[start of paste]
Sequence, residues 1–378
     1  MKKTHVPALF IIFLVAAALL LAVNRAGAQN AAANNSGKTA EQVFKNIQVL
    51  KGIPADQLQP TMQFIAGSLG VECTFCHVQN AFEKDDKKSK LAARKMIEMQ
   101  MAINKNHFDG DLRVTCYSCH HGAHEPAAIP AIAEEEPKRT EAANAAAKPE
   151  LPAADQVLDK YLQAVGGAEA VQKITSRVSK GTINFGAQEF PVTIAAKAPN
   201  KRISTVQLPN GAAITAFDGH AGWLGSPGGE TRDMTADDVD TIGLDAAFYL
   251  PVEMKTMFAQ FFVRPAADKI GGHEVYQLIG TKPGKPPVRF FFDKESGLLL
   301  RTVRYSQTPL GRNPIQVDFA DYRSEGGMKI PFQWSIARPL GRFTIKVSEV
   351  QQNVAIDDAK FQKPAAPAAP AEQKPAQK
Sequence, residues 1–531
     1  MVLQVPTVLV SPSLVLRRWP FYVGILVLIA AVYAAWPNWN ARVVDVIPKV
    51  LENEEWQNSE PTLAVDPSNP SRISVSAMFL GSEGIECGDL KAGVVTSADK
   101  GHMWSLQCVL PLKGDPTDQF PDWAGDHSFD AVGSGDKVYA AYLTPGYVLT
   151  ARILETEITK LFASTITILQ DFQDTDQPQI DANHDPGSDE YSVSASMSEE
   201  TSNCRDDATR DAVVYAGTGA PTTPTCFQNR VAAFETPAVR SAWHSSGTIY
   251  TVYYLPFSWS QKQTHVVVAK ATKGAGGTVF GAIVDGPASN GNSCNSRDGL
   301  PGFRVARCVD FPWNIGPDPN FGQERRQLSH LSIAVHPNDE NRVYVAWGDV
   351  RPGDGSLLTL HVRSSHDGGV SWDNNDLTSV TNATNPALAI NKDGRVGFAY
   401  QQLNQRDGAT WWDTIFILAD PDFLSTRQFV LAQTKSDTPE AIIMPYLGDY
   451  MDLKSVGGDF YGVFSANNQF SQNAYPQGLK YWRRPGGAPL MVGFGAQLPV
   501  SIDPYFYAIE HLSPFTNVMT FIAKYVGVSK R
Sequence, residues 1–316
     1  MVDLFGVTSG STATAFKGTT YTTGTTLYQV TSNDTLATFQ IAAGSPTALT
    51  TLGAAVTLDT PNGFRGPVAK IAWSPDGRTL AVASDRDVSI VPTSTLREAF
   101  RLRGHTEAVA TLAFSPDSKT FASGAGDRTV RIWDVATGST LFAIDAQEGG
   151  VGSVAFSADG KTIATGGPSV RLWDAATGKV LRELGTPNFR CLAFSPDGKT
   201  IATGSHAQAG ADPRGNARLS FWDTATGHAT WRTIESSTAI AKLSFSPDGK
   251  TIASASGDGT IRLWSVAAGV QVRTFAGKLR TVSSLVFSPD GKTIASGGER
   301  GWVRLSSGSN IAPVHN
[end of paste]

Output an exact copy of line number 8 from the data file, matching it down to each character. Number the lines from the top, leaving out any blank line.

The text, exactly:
   301  RTVRYSQTPL GRNPIQVDFA DYRSEGGMKI PFQWSIARPL GRFTIKVSEV